I met Brad, one of the vendors who makes some cool chainmail stuff, at KW TriCon in January, and he picked up A Noble’s Quest there. He was also at GenreCon, and said he loved the book, and picked up A Wizard’s Gambit and Demon Invasion! He also left a review on Amazon, so he’s in the draw for a free mug in April! (If you’ve read one of my stories and want a shot at a mug, please consider leaving your own review, too!)
I’d also like to give a shout out to Andrea Loar, the vendor coordinator. She and her staff was attentive throughout the entire convention. Great customer service, and they were very open to vendor feedback to help make the experience better next year. I’d love to see this con succeed, because it’d be nice to have this sort of event in Guelph, and I think if they incorporate the changes that vendors suggest, it’ll help make it a better experience for everyone!
It was quiet for the vendors. Although it was a three day convention, it probably should have been two. Friday night was dead. I had no sales, and the only reason Nathan got work was because a group of girls who were at the hotel for sports events saw his paintings and they all got some, either for themselves or as gifts for others.
Saturday I sold the two books to Brad, and that was it. I was pretty sure at that point that I was going to lose money on my table. I was also there with Targeted, a murder mystery book by Donna Warner and Gloria Ferris set in the Caribbean, and Girl Desecrated, a dark fantasy/psychological thriller by Cheryl Cowtan set in Guelph, with highlanders and vampires. I mentioned their books every time someone looked at the table, but didn’t sell a single copy of either.
Sunday saved me. Despite being even quieter than the Saturday, I had one person return to the table from the previous day to pick up all three of my books. A fellow panelist, Elizabeth Hirst, also picked up A Noble’s Quest, another person bought A Noble’s Quest, and then something that I’m calling instant-karma happened. I was coming back to the table and overheard someone saying he would love to get one of Nathan’s paintings, but he couldn’t. I asked if the problem was that he didn’t have cash, and he said yes. So I told him he could use my Square to get the painting, and I’d give the cash to Nathan. He loved that, and when he came over to my table, he picked up all three books for his nieces! Also, I had my first poster sale! Judge Brown picked up the poster for A Hero’s Birth, because he wants to cosplay as Thomas Strongblade. I think I will lose my mind if that ever happens. It’s a dream of mine to see someone cosplay characters from my books (note: dream fulfilled! My daughter makes an adorable Eliza! I was so tickled that she wanted to do that at both TriCon and GenreCon).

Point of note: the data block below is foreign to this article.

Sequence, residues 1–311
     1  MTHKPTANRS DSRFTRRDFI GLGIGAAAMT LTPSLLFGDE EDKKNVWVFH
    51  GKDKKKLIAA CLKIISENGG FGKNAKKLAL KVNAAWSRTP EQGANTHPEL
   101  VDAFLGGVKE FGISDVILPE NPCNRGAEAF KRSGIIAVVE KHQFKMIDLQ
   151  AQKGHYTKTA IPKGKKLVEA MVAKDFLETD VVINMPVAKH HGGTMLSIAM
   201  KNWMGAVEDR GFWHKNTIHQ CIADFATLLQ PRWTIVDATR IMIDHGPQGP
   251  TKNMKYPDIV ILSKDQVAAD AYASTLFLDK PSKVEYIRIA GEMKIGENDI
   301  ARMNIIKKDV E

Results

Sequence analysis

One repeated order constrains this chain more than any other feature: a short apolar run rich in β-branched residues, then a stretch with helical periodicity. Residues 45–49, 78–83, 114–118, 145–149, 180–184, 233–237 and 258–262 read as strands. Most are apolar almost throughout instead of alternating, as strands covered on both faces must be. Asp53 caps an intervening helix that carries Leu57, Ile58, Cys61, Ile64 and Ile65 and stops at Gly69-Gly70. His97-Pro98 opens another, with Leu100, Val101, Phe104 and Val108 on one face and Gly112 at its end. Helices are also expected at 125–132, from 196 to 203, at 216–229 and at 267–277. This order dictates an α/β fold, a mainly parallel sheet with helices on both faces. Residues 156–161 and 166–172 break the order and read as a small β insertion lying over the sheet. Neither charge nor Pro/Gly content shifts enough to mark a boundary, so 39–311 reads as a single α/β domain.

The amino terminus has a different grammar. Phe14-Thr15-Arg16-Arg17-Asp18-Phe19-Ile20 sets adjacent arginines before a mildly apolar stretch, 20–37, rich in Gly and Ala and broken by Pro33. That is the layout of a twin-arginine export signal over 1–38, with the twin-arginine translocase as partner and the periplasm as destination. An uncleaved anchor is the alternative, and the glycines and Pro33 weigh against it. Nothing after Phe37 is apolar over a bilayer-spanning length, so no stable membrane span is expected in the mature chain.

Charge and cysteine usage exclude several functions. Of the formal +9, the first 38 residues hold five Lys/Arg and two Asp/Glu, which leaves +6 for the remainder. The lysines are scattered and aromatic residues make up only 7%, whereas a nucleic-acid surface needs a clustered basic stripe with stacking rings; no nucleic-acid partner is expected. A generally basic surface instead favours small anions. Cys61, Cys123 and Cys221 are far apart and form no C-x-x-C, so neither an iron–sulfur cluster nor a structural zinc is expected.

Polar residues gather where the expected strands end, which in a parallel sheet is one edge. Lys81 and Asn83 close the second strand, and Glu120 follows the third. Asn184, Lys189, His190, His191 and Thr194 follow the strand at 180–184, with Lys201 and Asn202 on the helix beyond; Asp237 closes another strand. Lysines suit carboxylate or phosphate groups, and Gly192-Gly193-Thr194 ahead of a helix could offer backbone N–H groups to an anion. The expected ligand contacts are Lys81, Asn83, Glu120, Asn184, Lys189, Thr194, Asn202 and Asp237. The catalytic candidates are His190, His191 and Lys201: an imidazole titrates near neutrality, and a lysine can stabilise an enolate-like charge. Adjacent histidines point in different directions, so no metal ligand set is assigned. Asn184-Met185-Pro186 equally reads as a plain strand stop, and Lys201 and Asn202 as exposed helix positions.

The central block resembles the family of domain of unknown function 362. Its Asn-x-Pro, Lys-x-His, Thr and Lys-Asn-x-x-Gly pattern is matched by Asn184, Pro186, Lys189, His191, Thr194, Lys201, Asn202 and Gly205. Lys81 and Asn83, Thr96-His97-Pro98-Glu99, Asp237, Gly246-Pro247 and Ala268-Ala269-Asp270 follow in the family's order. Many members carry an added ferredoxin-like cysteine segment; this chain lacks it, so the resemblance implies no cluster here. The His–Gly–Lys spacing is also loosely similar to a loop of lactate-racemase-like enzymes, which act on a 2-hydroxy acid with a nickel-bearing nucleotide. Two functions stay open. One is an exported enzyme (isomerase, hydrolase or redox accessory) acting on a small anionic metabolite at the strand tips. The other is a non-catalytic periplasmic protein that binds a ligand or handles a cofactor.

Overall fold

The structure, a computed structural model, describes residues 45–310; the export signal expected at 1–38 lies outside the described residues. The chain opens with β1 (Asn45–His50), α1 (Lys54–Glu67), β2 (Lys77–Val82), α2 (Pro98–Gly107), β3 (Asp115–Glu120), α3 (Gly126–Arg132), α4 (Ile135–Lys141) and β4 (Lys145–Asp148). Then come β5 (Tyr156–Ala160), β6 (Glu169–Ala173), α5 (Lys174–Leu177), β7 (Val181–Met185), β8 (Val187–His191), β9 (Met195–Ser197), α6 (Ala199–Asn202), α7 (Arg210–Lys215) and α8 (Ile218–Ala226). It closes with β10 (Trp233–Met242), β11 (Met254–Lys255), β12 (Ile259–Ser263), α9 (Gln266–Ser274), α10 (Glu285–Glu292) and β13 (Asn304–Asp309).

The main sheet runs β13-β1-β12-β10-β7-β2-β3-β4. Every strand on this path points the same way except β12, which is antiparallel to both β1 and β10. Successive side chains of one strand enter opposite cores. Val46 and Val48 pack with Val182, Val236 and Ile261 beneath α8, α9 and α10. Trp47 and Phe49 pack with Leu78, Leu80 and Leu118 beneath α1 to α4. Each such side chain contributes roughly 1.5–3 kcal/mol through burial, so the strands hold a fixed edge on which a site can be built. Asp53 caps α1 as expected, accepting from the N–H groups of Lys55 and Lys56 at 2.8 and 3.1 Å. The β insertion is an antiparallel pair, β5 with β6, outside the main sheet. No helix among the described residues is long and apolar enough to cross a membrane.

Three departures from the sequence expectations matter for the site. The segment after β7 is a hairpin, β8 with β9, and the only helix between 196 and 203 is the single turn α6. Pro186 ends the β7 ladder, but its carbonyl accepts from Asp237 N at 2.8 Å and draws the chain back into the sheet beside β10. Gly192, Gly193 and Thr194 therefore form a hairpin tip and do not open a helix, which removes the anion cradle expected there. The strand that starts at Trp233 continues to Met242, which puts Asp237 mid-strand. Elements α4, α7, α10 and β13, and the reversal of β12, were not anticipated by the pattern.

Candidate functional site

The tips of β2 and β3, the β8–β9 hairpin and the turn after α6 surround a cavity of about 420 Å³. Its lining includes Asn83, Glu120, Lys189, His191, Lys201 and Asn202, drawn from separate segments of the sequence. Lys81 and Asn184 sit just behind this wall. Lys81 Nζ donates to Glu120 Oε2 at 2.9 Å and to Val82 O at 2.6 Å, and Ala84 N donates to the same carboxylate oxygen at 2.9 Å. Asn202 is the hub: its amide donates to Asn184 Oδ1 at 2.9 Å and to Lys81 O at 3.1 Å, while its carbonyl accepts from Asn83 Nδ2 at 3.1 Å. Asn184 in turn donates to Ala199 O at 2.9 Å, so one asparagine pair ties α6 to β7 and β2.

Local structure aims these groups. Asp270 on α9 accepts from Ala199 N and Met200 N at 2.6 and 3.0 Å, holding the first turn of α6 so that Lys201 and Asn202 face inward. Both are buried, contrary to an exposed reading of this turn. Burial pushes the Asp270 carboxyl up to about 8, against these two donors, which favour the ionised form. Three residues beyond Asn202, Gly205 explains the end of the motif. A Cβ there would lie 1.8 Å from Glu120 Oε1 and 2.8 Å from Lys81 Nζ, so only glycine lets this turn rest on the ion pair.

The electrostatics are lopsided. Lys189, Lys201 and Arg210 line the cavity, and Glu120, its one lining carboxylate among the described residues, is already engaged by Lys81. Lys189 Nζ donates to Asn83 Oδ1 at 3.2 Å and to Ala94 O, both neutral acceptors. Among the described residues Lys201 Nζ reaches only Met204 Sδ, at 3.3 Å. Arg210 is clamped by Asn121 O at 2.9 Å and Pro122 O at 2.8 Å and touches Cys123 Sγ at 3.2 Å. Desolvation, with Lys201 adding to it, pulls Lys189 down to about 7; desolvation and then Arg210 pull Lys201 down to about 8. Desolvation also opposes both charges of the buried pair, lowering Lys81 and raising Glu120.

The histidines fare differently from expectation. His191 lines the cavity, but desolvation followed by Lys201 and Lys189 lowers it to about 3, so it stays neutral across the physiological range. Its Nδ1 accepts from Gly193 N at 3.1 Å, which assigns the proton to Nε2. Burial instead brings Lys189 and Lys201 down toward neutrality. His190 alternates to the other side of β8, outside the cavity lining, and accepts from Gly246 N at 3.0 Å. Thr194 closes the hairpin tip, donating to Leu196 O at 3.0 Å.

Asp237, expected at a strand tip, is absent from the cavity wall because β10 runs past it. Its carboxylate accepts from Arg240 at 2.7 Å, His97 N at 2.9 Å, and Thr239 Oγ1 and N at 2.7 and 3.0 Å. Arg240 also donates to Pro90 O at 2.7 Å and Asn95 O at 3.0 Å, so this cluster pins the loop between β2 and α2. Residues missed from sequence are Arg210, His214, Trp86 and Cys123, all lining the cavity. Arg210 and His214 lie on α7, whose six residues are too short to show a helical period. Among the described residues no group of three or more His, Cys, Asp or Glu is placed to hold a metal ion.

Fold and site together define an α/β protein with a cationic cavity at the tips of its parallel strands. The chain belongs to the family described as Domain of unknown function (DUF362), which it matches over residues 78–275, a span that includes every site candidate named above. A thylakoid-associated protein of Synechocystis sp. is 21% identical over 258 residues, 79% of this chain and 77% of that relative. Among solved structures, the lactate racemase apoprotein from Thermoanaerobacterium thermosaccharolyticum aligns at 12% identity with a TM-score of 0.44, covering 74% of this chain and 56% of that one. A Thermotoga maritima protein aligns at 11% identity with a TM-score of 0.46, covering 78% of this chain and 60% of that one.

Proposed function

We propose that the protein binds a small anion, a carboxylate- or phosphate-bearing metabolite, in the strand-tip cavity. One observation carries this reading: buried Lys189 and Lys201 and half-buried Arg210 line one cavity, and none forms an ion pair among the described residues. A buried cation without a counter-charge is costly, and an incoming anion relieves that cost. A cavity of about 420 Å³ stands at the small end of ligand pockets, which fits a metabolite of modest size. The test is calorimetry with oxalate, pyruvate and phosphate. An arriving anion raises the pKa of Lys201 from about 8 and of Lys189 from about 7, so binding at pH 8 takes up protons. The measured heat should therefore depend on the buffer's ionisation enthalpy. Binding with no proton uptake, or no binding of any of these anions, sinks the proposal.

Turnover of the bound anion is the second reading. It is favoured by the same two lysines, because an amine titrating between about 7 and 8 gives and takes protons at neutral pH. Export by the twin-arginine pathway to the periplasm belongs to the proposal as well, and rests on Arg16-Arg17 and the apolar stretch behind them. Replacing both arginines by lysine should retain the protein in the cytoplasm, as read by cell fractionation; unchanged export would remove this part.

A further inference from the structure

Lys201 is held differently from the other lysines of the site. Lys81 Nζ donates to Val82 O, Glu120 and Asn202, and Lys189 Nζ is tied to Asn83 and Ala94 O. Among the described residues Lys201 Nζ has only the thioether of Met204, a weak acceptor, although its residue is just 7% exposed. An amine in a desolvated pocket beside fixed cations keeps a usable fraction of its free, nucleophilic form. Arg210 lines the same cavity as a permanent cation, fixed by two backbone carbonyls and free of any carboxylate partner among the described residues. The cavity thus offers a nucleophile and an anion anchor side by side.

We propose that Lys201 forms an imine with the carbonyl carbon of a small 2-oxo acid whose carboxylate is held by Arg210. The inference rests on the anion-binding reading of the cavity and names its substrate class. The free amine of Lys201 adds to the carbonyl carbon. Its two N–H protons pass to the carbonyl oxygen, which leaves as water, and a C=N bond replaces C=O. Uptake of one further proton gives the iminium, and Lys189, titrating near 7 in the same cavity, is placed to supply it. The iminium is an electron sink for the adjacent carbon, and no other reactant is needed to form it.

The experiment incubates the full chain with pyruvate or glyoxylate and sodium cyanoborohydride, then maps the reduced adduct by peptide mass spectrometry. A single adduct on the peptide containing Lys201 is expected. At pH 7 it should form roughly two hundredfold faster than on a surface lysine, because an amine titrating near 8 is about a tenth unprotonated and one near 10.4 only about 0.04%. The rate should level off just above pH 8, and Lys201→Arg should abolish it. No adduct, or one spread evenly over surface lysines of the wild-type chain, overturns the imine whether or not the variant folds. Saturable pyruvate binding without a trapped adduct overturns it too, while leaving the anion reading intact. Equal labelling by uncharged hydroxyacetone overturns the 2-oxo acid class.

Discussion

You’ve been judged!
That’s him in the middle, and I think he’d make an AMAZING Thomas.
In the end I squeaked out paying for the cost of the table, so I felt pretty fortunate. I know there were a lot of vendors who complained about the lack of people coming through. The layout of the Holiday Inn wasn’t great for getting people to the vendor area. That, and guests had to get the right kind of pass to even get into the vendor room, which was a point of contention for many, because they paid more for their tables, but people who paid less for the tables in the halls could have guests walk by. Even so, many people could avoid the vendors completely and still take part in the other events. I was shocked when I walked out once and saw the front lobby FULL of people, but we had hardly anyone in the vendor area. I put on my feedback form that they should look for a different venue next time, where the vendors can be accessed more easily. After all, vendors are paying a lot of money to be there. They at least need a fighting chance of being seen. If I’d made a real profit at the con, there were some other vendors there that I would have bought stuff from.
My wife and kids came to GenreCon on Sunday for Paw Patrol. When I asked my wife how it was afterwards, she said, “That’s an hour of my life I’ll never get back.” Although there were three pups advertised, only two showed up. And according to my wife, the only thing it had to do with Paw Patrol was that two people were dressed up in the costumes. No theme music. The pups didn’t talk. There was “some dude” with the dogs who talked to the crowd. The dogs didn’t appear to be particularly into it. Then I told her it was $25/ticket for the kids, and she got even more upset, saying there was no way it was worth that much.
Part way through my wife asked the kids if they were enjoying it. My son gave a sort of non-committal, “Yeah” but didn’t want to take part in the totally generic song & dance activities (head and shoulders, knees and toes type stuff). My daughter was much more direct, saying she didn’t like it, and never wanted to do something like that again. It was too bad, because both kids love the TV show, but this was “totally lame.”
The only bright spot was that the $25/ticket also got the kids access to the rest of the con, which leads to…